Guest poem submitted by Aparna:
(Poem #685) The Old Ships
I have seen old ships like swans asleep Beyond the village which men call Tyre, With leaden age o'ercargoed, dipping deep For Famagusta and the hidden sun That rings black Cyprus with a lake of fire; And all those ships were certainly so old Who knows how oft with squat and noisy gun, Questing brown slaves or Syrian oranges, The pirate Genoese Hell-raked them till they rolled Blood, water, fruit and corpses up the hold. But now through friendly seas they softly run, Painted the mid-sea blue or shore-sea green, Still patterned with the vine and grapes in gold. But I have seen, Pointing her shapely shadows from the dawn And image tumbed on a rose-swept bay, A drowsy ship of some yet older day; And, wonder's breath indrawn, Thought I - who knows - who knows - but in that same (Fished up beyond Ææa, patched up new - Stern painted brighter blue -) That talkative, bald-headed seaman came (Twelve patient comrades sweating at the oar) From Troy's doom-crimson shore, And with great lies about his wooden horse Set the crew laughing, and forgot his course. It was so old a ship - who knows, who knows? - And yet so beautiful, I watched in vain To see the mast burst open with a rose, And the whole deck put on its leaves again.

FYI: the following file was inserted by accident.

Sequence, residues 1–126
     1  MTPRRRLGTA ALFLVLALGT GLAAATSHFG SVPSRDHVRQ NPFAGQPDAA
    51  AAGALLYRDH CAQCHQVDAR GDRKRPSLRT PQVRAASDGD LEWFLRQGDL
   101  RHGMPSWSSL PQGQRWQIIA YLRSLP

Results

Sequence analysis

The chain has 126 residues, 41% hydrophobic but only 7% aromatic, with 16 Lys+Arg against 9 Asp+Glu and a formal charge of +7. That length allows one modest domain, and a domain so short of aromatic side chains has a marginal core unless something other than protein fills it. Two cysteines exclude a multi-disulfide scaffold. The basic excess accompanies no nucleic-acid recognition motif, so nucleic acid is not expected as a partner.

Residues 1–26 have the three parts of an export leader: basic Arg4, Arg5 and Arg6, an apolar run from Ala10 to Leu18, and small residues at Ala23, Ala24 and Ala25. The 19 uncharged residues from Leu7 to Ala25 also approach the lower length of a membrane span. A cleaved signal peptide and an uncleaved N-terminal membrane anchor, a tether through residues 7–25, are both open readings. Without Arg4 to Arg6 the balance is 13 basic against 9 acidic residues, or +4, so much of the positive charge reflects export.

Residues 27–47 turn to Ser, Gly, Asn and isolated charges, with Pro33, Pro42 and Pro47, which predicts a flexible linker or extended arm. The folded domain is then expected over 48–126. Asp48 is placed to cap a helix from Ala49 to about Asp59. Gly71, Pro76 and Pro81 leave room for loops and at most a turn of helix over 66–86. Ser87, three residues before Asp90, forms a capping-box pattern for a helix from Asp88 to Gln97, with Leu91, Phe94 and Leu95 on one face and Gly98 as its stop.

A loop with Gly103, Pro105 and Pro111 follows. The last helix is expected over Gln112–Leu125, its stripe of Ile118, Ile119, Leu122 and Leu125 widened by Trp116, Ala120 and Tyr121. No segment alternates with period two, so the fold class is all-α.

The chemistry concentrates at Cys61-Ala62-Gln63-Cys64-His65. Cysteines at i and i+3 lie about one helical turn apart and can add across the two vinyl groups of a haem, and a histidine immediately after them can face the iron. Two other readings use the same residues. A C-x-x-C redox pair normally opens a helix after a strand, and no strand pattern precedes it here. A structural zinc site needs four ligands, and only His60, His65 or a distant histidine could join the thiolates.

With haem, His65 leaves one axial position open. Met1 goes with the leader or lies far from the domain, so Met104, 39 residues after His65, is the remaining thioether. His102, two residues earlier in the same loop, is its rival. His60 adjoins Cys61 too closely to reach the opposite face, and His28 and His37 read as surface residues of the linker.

The first time I read any Flecker was in the preface to M.M. Kaye's "The Far Pavilions"... those lovely lines from the The Golden Journey to Samarkand beginning, "We are the pilgrims Master..." After I dug up and read the whole poem, the enchantment was complete and Flecker became and remains one of my favourite poets. What I love about this particular poem is the _colours_ I associate with it ...it's replete, drenched with all the richness and colour and patterns I would expect from a place that sounds as beautiful as Cyprus itself -- " dipping deep for Famagusta and the hidden sun..." -- just saying "Famagusta" out aloud would be enough! Or that amazing juxtaposition of images ..."questing brown slaves or Syrian oranges..." - absolutely lovely. Despite everything I still think that "Golden Journey" is the best Flecker I've read. Besides I might be biased but Samarkand (like caravanserai, as Martin pointed out some time ago) is one of those words that has loveliness and dust and distance and magic in every syllable so... :-) Aparna. [Biography] James Elroy Flecker (1884-1915) was born in London on November 5, 1884. His death in 1915 at the age of thirty was "unquestionably the greatest premature loss that English literature has suffered since the death of Keats" (Macdonald, 1924). The eldest son of the Rev. W. H. Flecker, Headmaster of Dean Close School, Flecker attended Trinity College, Oxford, and also Caius College, Cambridge, where he studied oriental languages in preparation for a consular career. From 1910 to 1913 he held a series of minor consular posts in Constantinople, Smyrna, and Beirut, and these appointments reinforced his life-long love for the Mediterranean and the Middle East. Flecker's health was not robust (he had been diagnosed with tuberculosis in 1910 shortly after he entered the consular service) and he was forced to take frequent leaves of absence from his posts, sometimes to return to England and sometimes to visit sanatoria in Switzerland. He died in Davos, Switzerland, on January 3, 1915, and is buried in Cheltenham, England, at the foot of the Cotswold Hills. His grave is marked with a granite cross inscribed with the poet's own words: "O Lord, restore his realm to the dreamer." "Flecker had a splendor and breadth of vision unmatched among young English poets of his time" (Philadelphia North American). His writings include poetry, short stories, non-fiction prose, and two plays that were published posthumously. Though sometimes grouped chronologically with the Georgian poets, Flecker's real literary affinity is with the French Parnassian school. [Georgian poets are early twentieth-century poets like Rupert Brooke or W.H. Davies/Flecker but I have no idea what the French Parnassian school is. Could anyone elucidate? - Aparna] -- http://www1.arcs.ac.at/users/wk/fairway/flecker.html The Poets' Corner has some stuff from Flecker at [broken link] http://www.geocities.com/~spanoudi/poems/gp2_5.html and there's a photograph at the University of Toronto site http://www.library.utoronto.ca/utel/rp/authors/flecker.html [thomas adds] Aparna suggested revisiting the Silk Road theme which I had mentioned in yesterday's post; you can read all the poems of the original theme at the Minstrels website, http://www.cs.rice.edu/~ssiyer/minstrels/. Specifically, Poem #504 - Li Po, "About Tu Fu" Poem #506 - Christopher Marlowe, "Lament for Zenocrate" Poem #509 - James Elroy Flecker, "The Golden Road to Samarkand" Poem #513 - Jalaluddin Rumi, "The Tavern" Poem #515 - Robert Graves, "The Persian Version" Poem #518 - James Elroy Flecker, "The Gates of Damascus" Poem #522 - Constantine Cavafy, "In Harbor" Poem #526 - Robert Browning, "A Toccata of Galuppi's" And in response to Aparna's query: "Parnassian - French PARNASSIEN, member of a group of 19th-century French poets headed by Leconte de Lisle, who stressed restraint, objectivity, technical perfection, and precise description as a reaction against the emotionalism and verbal imprecision of the Romantics. The poetic movement led by the Parnassians that resulted in experimentation with metres and verse forms and the revival of the sonnet paralleled the trend toward Realism in drama and the novel that became evident in the late 19th century. Initially taking their themes from contemporary society, the Parnassians later turned to the mythology, epics, and sagas of exotic lands and past civilizations, notably India and ancient Greece, for inspiration. The Parnassians derived their name from the anthology to which they contributed: Le Parnasse Contemporain (3 vol., 1866, 1871, 1876), edited by Louis-Xavier de Ricard and Catulle Mendès and published by Alphonse Lemerre. Their principles, though, had been formulated earlier in Théophile Gautier's preface to Mademoiselle de Maupin (1835), which expounded the theory of art for art's sake, in Leconte de Lisle's preface to his Poèmes antiques (1852), and in La Revue Fantaisiste (1860), founded by Mendès. Gautier's Émaux et camées (1852), a collection of carefully worked, formally perfect poems, pointed to a new conception of poetry and influenced the works of major Parnassians such as Albert Glatigny, Théodore de Banville, François Coppée, Léon Dierx, and José Maria de Heredia. Heredia, the most representative of the group, looked for precise details, double rhymes, sonorous words, and exotic names, and concentrated on making the 14th line of his sonnets the most striking. The influence of the Parnassians was felt throughout Europe and was particularly evident in the Modernist movement of Spain and Portugal and in the Jeune Belgique (Young Belgium) movement. In the late 19th century a new generation of poets, the Symbolists, followers of Stéphane Mallarmé and Paul Verlaine, themselves Parnassians in their youth, broke away from precise description in search of an art of nuance and musical suggestion." -- EB